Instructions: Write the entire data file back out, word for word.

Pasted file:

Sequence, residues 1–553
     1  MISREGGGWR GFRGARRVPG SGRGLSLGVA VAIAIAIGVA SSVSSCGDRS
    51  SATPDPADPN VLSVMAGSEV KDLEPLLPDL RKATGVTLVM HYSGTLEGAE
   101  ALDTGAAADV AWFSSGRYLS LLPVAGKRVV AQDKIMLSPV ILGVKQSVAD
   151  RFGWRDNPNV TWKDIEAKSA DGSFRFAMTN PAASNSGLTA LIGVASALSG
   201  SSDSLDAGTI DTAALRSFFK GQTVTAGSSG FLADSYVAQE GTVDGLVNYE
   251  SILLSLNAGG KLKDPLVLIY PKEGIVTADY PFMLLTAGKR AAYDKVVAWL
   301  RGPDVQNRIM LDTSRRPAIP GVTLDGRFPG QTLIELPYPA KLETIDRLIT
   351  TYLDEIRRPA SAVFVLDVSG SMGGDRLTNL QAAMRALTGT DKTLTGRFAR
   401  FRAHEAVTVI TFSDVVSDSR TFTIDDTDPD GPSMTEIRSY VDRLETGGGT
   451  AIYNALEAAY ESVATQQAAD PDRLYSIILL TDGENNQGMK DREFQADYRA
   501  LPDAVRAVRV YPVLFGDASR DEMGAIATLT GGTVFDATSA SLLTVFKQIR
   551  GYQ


Sequence, residues 1–553
     1  MISREGGGWR GFRGARRVPG SGRGLSLGVA VAIAIAIGVA SSVSSCGDRS
    51  SATPDPADPN VLSVMAGSEV KDLEPLLPDL RKATGVTLVM HYSGTLEGAE
   101  ALDTGAAADV AWFSSGRYLS LLPVAGKRVV AQDKIMLSPV ILGVKQSVAD
   151  RFGWRDNPNV TWKDIEAKSA DGSFRFAMTN PAASNSGLTA LIGVASALSG
   201  SSDSLDAGTI DTAALRSFFK GQTVTAGSSG FLADSYVAQE GTVDGLVNYE
   251  SILLSLNAGG KLKDPLVLIY PKEGIVTADY PFMLLTAGKR AAYDKVVAWL
   301  RGPDVQNRIM LDTSRRPAIP GVTLDGRFPG QTLIELPYPA KLETIDRLIT
   351  TYLDEIRRPA SAVFVLDVSG SMGGDRLTNL QAAMRALTGT DKTLTGRFAR
   401  FRAHEAVTVI TFSDVVSDSR TFTIDDTDPD GPSMTEIRSY VDRLETGGGT
   451  AIYNALEAAY ESVATQQAAD PDRLYSIILL TDGENNQGMK DREFQADYRA
   501  LPDAVRAVRV YPVLFGDASR DEMGAIATLT GGTVFDATSA SLLTVFKQIR
   551  GYQ